(Photo 1 © John Finch, photos 2, 6 & 7 © John Earl,
photo 3-5 © Mark Daniel)
In 1894, the Port Talbot Railway and Docks Company obtained Parliamentary approval to redevelop the town's existing harbour and docks, construct a new dock with a deep water lock and piers, and equip them with the best handling facilities available at the time. The intention was to open up the extensive and practically untouched coalfields of the Llynvi, Garw and Dyffryn valleys by providing unrivalled shipment facilities, Port Talbot being much closer than the existing docks at Swansea, Barry or Cardiff.
To transport the coal for export, the second element of the scheme involved the laying of a meandering 17-mile railway linking Port Talbot with Pontyrhyll via Bryn, Maesteg and Lletty Brongu. Loaded trains faced a stiff climb on a ruling gradient of 1:75 as far as the line's summit, thereafter enjoying a 1:40 descent. The tightest curve was of 10 chains radius.
Work on the railway - with an estimated price tag of £200,000 - got underway on 1st March 1895 and was fulfilled by Messrs S Pearson & Son, contractors based in Westminster. Scheduled for completion in March 1897, the single track actually opened for traffic five months late, on 31st August. The PTR&D extended its reach by opening two other connecting lines during 1898; its new docks were also inaugurated that year.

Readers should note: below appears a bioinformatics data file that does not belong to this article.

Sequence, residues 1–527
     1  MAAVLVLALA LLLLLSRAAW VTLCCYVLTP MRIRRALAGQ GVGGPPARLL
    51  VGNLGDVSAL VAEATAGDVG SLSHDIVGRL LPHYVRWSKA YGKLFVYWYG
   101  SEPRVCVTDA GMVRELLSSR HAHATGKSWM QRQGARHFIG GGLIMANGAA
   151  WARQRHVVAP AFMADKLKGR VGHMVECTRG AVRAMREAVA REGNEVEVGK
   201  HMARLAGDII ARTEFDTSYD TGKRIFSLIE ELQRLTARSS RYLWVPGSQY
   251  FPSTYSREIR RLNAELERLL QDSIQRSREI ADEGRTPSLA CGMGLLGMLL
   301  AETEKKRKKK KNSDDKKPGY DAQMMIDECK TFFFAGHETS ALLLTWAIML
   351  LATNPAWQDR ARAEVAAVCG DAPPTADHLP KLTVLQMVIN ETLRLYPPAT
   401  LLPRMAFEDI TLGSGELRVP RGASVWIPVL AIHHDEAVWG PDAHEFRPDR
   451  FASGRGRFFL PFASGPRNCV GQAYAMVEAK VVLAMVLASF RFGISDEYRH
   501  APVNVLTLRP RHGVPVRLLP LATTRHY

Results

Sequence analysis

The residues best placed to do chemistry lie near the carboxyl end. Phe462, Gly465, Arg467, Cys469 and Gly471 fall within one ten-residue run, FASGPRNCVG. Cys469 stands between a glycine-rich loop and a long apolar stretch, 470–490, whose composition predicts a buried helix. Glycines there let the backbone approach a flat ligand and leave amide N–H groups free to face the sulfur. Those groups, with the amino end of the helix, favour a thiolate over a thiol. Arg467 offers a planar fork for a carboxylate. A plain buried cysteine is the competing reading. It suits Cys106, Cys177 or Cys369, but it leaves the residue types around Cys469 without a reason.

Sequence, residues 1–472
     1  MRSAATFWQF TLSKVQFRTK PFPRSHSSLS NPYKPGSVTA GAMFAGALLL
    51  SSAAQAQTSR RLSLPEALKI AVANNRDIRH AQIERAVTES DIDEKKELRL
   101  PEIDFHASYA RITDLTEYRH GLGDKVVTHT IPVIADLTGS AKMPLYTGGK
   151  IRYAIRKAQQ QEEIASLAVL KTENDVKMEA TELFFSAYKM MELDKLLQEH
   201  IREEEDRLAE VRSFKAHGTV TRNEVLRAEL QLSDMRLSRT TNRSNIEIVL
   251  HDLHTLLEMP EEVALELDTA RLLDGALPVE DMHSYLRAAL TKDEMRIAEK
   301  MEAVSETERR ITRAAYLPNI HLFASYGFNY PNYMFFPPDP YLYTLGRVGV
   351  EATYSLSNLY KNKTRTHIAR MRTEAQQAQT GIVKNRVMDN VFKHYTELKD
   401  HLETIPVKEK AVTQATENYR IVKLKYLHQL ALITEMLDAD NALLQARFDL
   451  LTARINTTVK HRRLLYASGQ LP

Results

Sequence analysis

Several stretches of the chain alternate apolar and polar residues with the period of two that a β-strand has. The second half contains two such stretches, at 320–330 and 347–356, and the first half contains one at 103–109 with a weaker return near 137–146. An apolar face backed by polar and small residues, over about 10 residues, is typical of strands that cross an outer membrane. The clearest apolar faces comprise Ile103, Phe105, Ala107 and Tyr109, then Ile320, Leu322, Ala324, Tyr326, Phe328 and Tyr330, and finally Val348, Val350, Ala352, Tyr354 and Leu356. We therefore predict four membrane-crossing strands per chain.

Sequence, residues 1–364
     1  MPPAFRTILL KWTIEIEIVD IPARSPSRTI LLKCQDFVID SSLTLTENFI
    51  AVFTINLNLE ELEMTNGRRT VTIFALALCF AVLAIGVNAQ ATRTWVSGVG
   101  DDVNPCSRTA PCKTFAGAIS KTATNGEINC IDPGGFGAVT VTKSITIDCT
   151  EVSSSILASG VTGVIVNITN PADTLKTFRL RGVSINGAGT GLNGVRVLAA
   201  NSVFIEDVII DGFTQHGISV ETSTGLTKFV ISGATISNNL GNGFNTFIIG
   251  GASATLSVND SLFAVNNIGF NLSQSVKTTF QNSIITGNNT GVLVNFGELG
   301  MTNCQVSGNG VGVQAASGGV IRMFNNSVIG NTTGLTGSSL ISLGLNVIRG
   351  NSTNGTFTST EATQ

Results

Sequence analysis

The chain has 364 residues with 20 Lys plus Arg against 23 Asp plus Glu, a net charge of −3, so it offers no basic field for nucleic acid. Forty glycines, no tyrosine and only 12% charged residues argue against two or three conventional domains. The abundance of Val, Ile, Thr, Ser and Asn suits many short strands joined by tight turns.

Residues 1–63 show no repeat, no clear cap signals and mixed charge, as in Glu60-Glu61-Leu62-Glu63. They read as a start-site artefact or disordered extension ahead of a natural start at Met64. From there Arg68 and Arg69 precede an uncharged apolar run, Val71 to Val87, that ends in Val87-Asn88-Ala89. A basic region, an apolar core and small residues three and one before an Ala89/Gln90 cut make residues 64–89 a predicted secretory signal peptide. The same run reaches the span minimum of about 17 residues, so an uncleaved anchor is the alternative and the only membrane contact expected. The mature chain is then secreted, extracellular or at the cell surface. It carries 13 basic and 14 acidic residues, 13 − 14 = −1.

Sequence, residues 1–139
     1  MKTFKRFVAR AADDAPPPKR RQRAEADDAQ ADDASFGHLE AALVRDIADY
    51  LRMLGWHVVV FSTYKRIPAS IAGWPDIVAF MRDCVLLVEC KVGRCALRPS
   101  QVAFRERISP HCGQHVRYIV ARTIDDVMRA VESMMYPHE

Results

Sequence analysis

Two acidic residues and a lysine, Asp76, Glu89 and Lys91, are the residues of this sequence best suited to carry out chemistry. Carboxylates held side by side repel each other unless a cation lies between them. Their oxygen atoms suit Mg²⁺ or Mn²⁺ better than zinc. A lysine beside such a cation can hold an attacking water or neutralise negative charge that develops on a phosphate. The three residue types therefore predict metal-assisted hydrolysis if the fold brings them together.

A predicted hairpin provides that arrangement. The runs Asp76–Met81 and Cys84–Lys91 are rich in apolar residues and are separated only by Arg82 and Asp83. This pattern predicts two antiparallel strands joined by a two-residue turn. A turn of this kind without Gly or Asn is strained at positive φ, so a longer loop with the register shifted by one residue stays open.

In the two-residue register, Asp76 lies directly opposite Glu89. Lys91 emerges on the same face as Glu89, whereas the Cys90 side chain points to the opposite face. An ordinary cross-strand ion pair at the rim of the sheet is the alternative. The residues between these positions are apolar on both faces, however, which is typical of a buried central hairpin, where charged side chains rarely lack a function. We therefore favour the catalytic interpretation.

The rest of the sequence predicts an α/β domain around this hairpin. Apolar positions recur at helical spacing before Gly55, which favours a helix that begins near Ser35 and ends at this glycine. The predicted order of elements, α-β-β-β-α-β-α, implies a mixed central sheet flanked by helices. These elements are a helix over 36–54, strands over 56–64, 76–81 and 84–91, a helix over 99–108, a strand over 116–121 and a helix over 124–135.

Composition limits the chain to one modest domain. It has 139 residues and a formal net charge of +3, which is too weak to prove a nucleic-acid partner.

To the north-west of Lletty Brongu Station, the line crossed a stream, Cwm Du, by means of an imposing brick viaduct. Comprising seven 40-foot arches and an eighth of 20 feet within its eastern abutment, the deck reached a height of 80 feet above the water at the centre span. The red brick arches are supported by piers and abutments built of cement concrete faced with brindles. Still apparent half way up the piers are supports for the rakers that helped to brace the arches' timber centring during construction.
Now owned by the Highways Agency (formerly British Railways Board (Residuary)), Cwm Du Viaduct is referred to by its structure number PTP/10m 20ch. In recent times, the Board carried out repairs to the parapet which resulted in the refuges - located on both sides above the piers - being removed. The brick corbelling which used to support them is now protected by covers, preventing water penetration and associated freeze/thaw action. The deck has also benefited from the installation of a waterproof membrane, with ballasting taking place thereafter.
The Port Talbot Railway effectively became a long branch line on New Year's Eve 1951 with closure of the eastern section from Lletty Brongu to Pontyrhyll. From that date, the line over the viaduct was used mainly for wagon storage. The track was removed in June 1959 although it was not until 9th May 1960 that the section from Cwmdu was officially closed.
(John Finch's photo, taken from Geograph, is used under this Creative Commons licence.)